Distractions and distractors are a big part of nose work. You may remember I received my NW1 Title in nose work back in July which means I’m now working towards my NW2 Title. There are several differences with NW2, but a few on them which I have been really working on have to do with container searches. In NW1, containers are boxes with one containing a birch odor. In NW2, containers can be boxes, luggage, cans, bins, any container which holds odor, there can be more than one container with odor (they will tell you how many hides there are, though), the odor can be birch, anise, or a combination of the two, and there can be distractors in some containers.
Distractions and distractors are two separate things. Distractions are always present in any search, sometimes more prevalent than others. We do a lot of searching in new areas with all kinds of things to get us familiar with many different distractions. The area above was a search area we recently worked.
I worked the area with the wooden crate pretty quickly and found the hide. Some of the distractions here are the busy road just to the one side, which you can’t really see on the photo, all the smells from the dirt and supplies, and wind since it is an open area.
I search and find hides in wheels quite often, but this was a bit more tricky with all the articles under and around the trailer, as well as having to go between the two trailers into more tight space. All the stuff and odd spaces are distractions, but I managed to stay pretty focused.
My final search at the construction site was the machinery. Imagine all the smells from the earth, critters, humans, etc, on these machines! Aside from the busy road, it was a pretty quiet area, but we also practice in areas with heavy airplane traffic overhead, or near train tracks with trains going by. A dog needs to adapt to any environment, and search.
On a side note, this area was a dirty mess with all the construction and rainfall. We love our 4Knines seat protector (this is an affiliate link. I may receive a small commission if you purchase a product using this link.) as it kept the entire dirty mess contained. When we got home, Mom just shook out the cover, wiped it off with a damp cloth and it was good as new! If you have active outdoor dogs, this is a great investment!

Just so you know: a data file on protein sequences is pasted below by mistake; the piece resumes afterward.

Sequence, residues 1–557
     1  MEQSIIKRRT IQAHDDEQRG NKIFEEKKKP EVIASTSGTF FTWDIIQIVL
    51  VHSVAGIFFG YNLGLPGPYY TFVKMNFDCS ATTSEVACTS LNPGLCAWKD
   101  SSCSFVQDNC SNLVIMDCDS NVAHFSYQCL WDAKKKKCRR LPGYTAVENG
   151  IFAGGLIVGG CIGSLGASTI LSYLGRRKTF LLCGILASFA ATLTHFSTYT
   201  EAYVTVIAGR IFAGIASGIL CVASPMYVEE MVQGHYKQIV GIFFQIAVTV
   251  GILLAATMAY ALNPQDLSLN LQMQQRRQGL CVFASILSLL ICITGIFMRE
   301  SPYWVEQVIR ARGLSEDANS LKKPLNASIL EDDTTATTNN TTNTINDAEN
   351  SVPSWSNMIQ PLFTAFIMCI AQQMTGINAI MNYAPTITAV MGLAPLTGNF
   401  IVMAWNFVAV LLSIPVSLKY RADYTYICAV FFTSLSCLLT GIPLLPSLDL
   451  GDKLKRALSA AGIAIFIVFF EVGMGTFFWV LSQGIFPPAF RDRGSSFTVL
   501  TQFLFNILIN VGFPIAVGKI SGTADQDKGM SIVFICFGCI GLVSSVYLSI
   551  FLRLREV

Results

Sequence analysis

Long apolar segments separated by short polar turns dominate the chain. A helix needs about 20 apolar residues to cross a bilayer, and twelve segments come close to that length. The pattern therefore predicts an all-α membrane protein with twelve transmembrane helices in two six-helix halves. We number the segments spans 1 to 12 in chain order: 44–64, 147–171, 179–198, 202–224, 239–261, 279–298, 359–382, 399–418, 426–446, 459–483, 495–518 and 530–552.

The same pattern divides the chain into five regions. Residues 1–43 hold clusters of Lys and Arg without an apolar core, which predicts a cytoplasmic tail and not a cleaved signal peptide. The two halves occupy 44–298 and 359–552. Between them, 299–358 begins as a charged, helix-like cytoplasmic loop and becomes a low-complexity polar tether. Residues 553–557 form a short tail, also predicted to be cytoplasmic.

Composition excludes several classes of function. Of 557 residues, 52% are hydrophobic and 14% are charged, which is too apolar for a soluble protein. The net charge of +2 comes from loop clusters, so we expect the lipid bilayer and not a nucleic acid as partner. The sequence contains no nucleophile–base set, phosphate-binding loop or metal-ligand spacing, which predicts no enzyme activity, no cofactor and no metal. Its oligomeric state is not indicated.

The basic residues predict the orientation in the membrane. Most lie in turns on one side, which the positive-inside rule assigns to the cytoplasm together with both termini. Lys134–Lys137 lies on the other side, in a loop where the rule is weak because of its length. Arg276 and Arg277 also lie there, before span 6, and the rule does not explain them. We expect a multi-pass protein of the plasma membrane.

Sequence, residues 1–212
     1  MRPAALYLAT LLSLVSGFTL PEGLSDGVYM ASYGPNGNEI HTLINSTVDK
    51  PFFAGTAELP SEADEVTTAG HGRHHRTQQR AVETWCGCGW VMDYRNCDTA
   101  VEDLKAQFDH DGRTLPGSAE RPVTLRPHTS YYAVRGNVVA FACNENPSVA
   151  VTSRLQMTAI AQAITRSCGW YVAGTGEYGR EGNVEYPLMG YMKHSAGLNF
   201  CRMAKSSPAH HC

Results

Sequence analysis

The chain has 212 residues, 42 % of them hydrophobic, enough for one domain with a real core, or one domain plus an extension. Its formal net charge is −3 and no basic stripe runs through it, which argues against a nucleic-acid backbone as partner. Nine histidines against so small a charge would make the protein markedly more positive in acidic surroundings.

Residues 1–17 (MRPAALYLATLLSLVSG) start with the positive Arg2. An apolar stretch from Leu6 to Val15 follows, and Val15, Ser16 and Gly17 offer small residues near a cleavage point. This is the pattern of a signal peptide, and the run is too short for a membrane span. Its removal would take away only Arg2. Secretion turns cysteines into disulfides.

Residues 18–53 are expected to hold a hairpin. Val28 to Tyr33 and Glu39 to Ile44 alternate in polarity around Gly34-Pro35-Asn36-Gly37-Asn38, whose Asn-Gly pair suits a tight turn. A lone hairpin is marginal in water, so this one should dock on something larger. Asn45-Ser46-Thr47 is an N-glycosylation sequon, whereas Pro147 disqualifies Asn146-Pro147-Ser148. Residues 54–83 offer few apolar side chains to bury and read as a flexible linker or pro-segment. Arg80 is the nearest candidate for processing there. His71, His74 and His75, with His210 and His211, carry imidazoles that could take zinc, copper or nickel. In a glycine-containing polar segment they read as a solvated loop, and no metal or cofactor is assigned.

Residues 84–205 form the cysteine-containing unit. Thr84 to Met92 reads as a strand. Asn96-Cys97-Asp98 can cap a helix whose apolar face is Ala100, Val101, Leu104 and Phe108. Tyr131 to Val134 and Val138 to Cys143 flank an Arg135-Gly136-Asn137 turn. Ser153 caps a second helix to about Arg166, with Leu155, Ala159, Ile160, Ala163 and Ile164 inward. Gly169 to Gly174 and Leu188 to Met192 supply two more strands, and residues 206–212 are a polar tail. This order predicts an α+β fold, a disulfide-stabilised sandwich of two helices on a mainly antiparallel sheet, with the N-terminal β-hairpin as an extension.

Now for distractors. A distractor is placed in a container and can be food, toys, anything which may interest a dog. The trick is for the dog to ignore it and alert on the hide(s) only, and for the human to tell the difference between a dog trying to alert on a distractor vs. the real hide. My search in the video has one hide in the purple backpack, and two distractors, my favorite stuffie, Bunny, and some wet dog food. Sorry it is a long video, but it was hot and sunny and I was getting tired. Note how I play around more when it is a distractor than I do when it is the actual hide. I’ve been working with distractors for over a year now, it is something best worked on with an instructor in the beginning. My search also had distractions including some flying bugs, the neighbor kids out playing and making noise, and dogs outside two houses down.
In conclusion, if you are going to compete in nose work, distractions and distractors will be something to work on. Try to have as many distractions as you can find when you practice nose work no matter what level. Always remember safety first when choosing interesting locations, and always, always, have fun!
I’m co hosting the FitDog Friday Blog Hop with SlimDoggy, and To Dog With Love! Please join us on Fridays to share your fitness stories with others, find new ways to have fun, and new fitness ideas too! Tell your friends to stop by as well – fit dogs are healthier, happier dogs!